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Budgeting for the Holidays


The average American spends more than $1,000 during the holiday season. Much of that spending is on credit cards, which means that many people face big bills in the New Year. The key to keeping holiday spending (or almost any kind of spending) under control is planning and sticking to a budget. By planning your holiday spending carefully, you can save money and still keep the holidays happy. Remember to start early! Sometimes bargains can be found months in advance.

Setting a holiday budget

The first step in controlling holiday expenses is deciding exactly how much you can afford to spend. There are four main areas in which most people spend: gifts, entertaining, travel and decorating. And each one comes with hidden expenses. For example, gift-giving costs much more than the price of each gift. You also have to consider wrapping and, often, shipping costs.

Take time to make a list of everyone you want to buy gifts for. Include teachers, the mailman, co-workers, newspaper delivery people and anyone else you usually end up giving a gift. Step back and consider your list. Are there people who could get a card rather than a gift? Are there people you could chip in on a gift for rather than paying for it by yourself? Next, set a price limit for each gift. For example, you might decide that you'll set a $30 limit on immediate family members, $20 on children in your family and $10 on acquaintances like co-workers or teachers. Don't forget to add in the cost of wrapping paper and shipping, including what you'll pay for a gift ordered through a catalog or online to reach you before you ship it to the recipient.

Many people forget to factor in the cost of holiday entertaining. Even if you aren't having a party, providing snacks and drinks for neighbors or friends who drop by and serving the holiday meal can be expensive. If you'll be traveling during the holidays, even if it's by car, be sure to include these costs in your budget. Finally, estimate how much you'll spend on holiday decorations. This is often an easy area to scale back.

Tally the estimates from all four areas. If the total amount is more than you can afford, go back to your lists and the tips in this article to see where you can either cut back on your budget or save on expenses so you won't have to. Ideally you'll do this early enough in the year so you can slowly set aside money to cover your holiday expenses or shop for reasonably priced gifts throughout the year.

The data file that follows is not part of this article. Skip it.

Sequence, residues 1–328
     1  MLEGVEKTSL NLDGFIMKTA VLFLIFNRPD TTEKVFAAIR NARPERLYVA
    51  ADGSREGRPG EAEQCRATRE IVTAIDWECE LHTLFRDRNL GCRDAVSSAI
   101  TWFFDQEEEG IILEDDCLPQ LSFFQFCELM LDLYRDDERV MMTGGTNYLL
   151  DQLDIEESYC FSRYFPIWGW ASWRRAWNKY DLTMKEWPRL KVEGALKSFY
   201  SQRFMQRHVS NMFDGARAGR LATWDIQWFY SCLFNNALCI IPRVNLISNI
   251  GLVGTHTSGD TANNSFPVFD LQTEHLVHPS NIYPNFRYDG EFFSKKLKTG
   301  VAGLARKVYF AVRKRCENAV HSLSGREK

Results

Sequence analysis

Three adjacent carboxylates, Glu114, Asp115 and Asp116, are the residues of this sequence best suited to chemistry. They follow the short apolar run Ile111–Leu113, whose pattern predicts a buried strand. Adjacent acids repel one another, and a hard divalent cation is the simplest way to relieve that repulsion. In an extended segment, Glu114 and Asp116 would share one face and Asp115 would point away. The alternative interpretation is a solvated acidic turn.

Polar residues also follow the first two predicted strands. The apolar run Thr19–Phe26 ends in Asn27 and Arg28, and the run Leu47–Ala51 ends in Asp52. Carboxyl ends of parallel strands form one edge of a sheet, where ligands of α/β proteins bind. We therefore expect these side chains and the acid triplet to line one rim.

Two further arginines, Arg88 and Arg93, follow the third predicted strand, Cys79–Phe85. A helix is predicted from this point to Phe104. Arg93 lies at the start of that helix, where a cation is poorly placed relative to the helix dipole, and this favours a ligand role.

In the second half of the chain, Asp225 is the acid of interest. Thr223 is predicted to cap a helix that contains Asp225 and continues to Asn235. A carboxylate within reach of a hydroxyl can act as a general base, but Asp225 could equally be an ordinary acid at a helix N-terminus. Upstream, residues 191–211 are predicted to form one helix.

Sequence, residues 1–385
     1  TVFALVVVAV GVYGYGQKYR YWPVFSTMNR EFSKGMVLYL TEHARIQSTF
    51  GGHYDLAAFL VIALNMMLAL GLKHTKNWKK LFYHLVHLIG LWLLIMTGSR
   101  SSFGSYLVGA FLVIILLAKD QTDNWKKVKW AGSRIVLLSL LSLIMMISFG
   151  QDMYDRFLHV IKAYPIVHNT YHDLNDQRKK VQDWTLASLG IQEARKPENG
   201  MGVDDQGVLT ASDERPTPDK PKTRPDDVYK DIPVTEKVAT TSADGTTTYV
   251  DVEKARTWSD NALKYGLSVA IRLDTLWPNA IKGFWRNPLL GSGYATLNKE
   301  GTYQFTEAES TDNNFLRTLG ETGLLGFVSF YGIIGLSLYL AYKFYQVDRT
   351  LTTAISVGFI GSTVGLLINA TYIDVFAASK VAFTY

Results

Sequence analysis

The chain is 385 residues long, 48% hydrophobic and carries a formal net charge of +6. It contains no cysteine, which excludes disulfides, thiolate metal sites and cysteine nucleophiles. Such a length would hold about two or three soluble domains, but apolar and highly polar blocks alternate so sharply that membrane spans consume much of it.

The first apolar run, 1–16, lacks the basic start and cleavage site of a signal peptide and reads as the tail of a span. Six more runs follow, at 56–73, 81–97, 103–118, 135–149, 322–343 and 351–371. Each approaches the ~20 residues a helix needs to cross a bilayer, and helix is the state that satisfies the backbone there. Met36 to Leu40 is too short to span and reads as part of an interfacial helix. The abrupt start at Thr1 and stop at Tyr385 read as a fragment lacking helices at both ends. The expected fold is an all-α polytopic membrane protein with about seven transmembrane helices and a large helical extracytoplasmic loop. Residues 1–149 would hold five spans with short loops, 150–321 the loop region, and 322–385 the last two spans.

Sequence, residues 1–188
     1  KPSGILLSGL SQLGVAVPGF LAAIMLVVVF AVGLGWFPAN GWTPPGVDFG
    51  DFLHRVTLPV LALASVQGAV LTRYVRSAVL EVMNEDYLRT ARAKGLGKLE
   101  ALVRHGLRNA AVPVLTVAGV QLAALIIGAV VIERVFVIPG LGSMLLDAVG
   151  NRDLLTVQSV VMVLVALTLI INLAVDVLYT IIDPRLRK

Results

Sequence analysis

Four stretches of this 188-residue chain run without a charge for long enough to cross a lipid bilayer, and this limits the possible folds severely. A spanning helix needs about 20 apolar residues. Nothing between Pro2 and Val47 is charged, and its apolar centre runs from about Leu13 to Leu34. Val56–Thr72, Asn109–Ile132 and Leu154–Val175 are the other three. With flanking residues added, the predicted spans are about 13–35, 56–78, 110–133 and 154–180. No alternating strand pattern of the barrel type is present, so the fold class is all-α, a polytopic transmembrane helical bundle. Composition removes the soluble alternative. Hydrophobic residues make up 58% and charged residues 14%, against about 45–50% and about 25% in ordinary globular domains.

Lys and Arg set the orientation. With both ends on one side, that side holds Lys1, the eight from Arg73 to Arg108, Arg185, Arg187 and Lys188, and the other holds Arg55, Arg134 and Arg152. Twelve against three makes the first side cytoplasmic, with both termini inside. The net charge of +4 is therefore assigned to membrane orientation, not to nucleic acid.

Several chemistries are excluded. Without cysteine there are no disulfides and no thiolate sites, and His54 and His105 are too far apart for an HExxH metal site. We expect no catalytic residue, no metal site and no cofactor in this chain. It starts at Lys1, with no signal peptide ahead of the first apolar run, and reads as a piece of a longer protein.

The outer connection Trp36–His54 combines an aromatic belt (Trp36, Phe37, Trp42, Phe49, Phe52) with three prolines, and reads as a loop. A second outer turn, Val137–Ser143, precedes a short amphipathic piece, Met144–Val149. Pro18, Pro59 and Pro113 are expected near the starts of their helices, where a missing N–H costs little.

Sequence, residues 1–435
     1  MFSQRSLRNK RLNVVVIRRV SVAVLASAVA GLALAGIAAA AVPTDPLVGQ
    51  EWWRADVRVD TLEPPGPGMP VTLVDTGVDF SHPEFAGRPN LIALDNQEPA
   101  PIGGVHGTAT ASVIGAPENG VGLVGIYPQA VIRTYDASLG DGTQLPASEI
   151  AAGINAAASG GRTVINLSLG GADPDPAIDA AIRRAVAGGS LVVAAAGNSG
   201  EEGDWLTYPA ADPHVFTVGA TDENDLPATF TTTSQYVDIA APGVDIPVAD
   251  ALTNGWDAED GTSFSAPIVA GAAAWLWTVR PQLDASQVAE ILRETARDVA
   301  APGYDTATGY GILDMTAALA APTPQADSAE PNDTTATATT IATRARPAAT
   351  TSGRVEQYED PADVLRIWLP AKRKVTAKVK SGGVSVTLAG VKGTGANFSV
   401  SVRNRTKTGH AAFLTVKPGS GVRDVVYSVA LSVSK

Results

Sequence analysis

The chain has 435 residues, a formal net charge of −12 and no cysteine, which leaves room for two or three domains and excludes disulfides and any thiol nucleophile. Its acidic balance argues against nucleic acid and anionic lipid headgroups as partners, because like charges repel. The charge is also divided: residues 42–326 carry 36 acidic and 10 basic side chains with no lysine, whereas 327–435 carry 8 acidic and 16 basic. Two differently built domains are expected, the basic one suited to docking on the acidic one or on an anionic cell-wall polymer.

Once you've created a reasonable budget, you need to commit to sticking to it. The tips below can help.

Ways to spend less

Many people blow their holiday budgets because they get carried away by the excitement of the season. It's important to remember that you can still have a joyous holiday season without busting your budget. Try to focus on the true spirit of the season rather than the more commercial aspects. And, don't give in to pressure to give expensive gifts. The best gifts are those personal and meaningful to the recipient, and they don't have to cost a lot.

Here are some ways to save money during the holidays:

  • Set expectations with friends and family. If you're worried about your finances this holiday season, talk about it with friends and family. They might be just as relieved as you are to set limits on spending or, in some cases, to skip gift-giving entirely. Let them know if you'll be cutting back on the number of gifts or how much you plan to spend. This is especially important for children, who often have unrealistic expectations about gifts and don't fully understand the costs. Also consider price-limited charitable donations in the family's name.
  • Look for ways to cut back on the number of gifts you buy. There are many ways to shorten your gift list. If you have a large family or group of friends, ask if they'd like to draw names out of a hat and give one gift per person. Or give family gifts, such as a board game, a laser-tag session, a movies-by-mail membership or a pass to a local museum rather than individual gifts.